The B horizons are typically loam, very fine sandy loam, fine sandy loam, or sandy loam in the fine-earth fraction, but the range includes silt loam. Some BC horizons have a texture of loamy sand.
Some pedons have a C horizon that has hue of 10YR to 5Y, value of 3 to 6, and chroma of 2 to 6. It is typically loam, very fine sandy loam, fine sandy loam, or sandy loam in the fine-earth fraction, but the range includes silt loam and loamy sand. It is up to 45 cm thick.
Bedrock is slightly weathered schist, gneiss, phyllite, granite, or meta-anorthosite.
COMPETING SERIES: These are the
Welcome series. Bangor, Berkshire, Dekapen, Groveton, Houghtonville, Potsdam, and Welcome soils have a depth to bedrock greater than 100 cm below the mineral soil surface. Elliottsville soils have a weighted average of more than 10 percent clay in the particle-size control section. Revel soils have a paralithic contact between 50 and 100 cm and average 35 to 65 percent weathered gravel in the particle-size control section. Penquis soils contain pararock fragments of calcareous metasiltstone and metasandstone, or metalimestone throughout the soil.
GEOGRAPHIC SETTING: Tunbridge soils are on nearly level to very steep glaciated uplands. They are on the tops and sides of hills and mountains. Slope ranges from 0 to 80 percent. The soils formed in loamy supraglacial till of Wisconsin age derived mainly from micaceous schist, gneiss, phyllite, granite, and meta-anorthosite. The mean annual precipitation is 790 to 2420 mm, and the mean annual temperature is -3 to 7 degrees C. The frost-free period is from 60 to 160 days. Elevation ranges from about 2 to 800 meters above mean sea level.
GEOGRAPHICALLY ASSOCIATED SOILS: These are the
Sunapee soils. The very deep to bedrock Becket, Berkshire, Colonel, Marlow, Peru, and Sunapee soils are typically on footslopes and backslopes in lower positions than nearby Tunbridge soils. Additionally, Becket, Colonel, Marlow, and Peru soils formed in loamy lodgment till. Rawsonville soils are in positions similar to Tunbridge soils and have 6 percent or more organic carbon in a layer 10 cm or more thick within the spodic horizon. Tunbridge soils are often closely intermingled with shallow Lyman soils in places where local relief is controlled by the underlying bedrock.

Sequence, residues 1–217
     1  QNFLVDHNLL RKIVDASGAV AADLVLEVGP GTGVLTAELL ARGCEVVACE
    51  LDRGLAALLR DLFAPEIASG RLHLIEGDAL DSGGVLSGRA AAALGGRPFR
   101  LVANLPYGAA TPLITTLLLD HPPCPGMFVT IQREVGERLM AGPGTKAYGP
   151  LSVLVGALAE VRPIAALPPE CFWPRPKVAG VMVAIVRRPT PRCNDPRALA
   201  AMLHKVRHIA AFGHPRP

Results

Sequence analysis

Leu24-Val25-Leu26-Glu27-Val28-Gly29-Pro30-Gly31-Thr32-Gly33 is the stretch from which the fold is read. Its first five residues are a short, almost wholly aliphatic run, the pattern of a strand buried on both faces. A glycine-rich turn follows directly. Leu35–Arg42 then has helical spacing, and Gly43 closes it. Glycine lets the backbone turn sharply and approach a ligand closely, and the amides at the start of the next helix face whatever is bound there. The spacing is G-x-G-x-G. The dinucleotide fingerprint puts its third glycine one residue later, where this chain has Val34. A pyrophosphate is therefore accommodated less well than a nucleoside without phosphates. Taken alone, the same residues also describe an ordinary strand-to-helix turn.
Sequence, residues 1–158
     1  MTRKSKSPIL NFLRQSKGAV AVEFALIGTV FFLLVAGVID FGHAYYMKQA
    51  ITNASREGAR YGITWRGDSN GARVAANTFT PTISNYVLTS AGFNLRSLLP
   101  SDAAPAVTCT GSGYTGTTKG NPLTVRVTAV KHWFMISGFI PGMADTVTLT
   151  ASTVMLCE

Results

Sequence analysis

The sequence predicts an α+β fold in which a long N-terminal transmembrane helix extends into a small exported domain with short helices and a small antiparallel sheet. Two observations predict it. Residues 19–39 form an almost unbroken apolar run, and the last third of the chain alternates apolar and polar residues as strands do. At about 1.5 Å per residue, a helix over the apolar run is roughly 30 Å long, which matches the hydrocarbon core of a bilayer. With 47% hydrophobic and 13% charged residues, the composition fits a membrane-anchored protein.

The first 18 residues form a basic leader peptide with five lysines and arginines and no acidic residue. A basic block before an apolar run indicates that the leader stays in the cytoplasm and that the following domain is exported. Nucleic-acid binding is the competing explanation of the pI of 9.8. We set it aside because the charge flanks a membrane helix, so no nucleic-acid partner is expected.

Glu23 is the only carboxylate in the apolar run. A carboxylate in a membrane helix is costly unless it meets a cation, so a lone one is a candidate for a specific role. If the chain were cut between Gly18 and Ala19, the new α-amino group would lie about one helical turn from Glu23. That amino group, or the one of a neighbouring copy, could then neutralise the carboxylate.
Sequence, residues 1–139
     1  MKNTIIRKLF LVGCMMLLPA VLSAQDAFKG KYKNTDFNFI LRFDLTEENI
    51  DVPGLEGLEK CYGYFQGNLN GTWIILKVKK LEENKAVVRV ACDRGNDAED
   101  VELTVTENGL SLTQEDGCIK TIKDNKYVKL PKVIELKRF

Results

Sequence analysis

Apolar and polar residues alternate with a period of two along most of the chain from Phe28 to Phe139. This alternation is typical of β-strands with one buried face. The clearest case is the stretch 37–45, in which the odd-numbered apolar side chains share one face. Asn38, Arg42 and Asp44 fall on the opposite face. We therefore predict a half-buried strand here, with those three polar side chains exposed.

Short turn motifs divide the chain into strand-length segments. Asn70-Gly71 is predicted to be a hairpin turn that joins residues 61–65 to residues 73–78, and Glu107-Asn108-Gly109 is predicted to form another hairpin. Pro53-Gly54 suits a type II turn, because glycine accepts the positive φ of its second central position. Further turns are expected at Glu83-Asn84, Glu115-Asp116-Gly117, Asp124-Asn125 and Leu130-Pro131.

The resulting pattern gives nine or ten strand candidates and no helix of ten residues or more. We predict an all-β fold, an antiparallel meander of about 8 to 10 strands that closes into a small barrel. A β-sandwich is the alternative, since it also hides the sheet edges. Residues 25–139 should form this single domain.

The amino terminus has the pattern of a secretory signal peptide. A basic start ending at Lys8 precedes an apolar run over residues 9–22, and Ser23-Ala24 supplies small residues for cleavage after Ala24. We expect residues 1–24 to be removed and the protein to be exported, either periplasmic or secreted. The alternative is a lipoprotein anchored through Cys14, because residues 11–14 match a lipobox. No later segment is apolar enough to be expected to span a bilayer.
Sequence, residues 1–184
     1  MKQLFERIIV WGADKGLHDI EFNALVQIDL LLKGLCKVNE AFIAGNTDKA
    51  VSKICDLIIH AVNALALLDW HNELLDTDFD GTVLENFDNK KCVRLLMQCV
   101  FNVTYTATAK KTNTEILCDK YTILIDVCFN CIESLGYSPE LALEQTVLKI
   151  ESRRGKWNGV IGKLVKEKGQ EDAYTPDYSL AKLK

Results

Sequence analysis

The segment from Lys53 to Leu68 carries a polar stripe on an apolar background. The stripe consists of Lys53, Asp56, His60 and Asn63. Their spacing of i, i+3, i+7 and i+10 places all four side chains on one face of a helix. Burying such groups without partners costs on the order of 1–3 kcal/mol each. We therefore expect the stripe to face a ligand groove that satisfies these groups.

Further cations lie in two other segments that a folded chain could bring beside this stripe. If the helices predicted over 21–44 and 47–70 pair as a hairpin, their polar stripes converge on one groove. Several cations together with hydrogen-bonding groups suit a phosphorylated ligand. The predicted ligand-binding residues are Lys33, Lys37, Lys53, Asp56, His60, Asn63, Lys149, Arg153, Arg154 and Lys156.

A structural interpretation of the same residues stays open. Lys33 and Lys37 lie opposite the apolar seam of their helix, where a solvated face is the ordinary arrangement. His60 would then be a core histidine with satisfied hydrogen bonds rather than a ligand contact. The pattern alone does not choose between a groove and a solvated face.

DRAINAGE AND SATURATED HYDRAULIC CONDUCTIVITY: Well drained. Saturated hydraulic conductivity is moderately high or high throughout the mineral soil.
USE AND VEGETATION: Most areas are wooded. The common trees are American beech, white ash, yellow birch, paper birch, northern red oak, sugar maple, eastern white pine, eastern hemlock, red spruce, white spruce, and balsam fir. Some areas have been cleared and are primarily used for hay and pasture. A few cleared areas are used for cultivated crops.
DISTRIBUTION AND EXTENT: Vermont, Maine, Massachusetts, New Hampshire, and New York. MLRAs 143, 144A, and 144B. The series is extensive.
MLRA SOIL SURVEY REGIONAL OFFICE (MO) RESPONSIBLE: Amherst, Massachusetts.
SERIES ESTABLISHED: Orange County, Vermont, 1975.
REMARKS: 1. Tunbridge is the official State Soil of Vermont.
2. Albic horizons may be difficult to locate because tree throws and other disturbances have destroyed them in many areas of Tunbridge soils. Albic horizons are often thin, may be discontinuous, and located within 10 cm of the soil surface.
3. The use of the Tunbridge series in MLRA 144A is in question. Tunbridge has a frigid temperature regime which is not typical in 144A.
4. The diagnostic horizons and features recognized in this pedon are:
a. Ochric epipedon - the zone from 0 to 20 cm (Oe, Oa, E horizons).
b. Albic horizon - the zone from 13 to 20 cm (E horizon).
c. Spodic horizon - the zone from 20 to 66 cm (Bhs, Bs horizons).
ADDITIONAL DATA: Laboratory characterization data for Tunbridge and similar soils is available through the National Cooperative Soil Survey Soil Characterization Database: http://ncsslabdatamart.sc.egov.usda.gov/
National Cooperative Soil Survey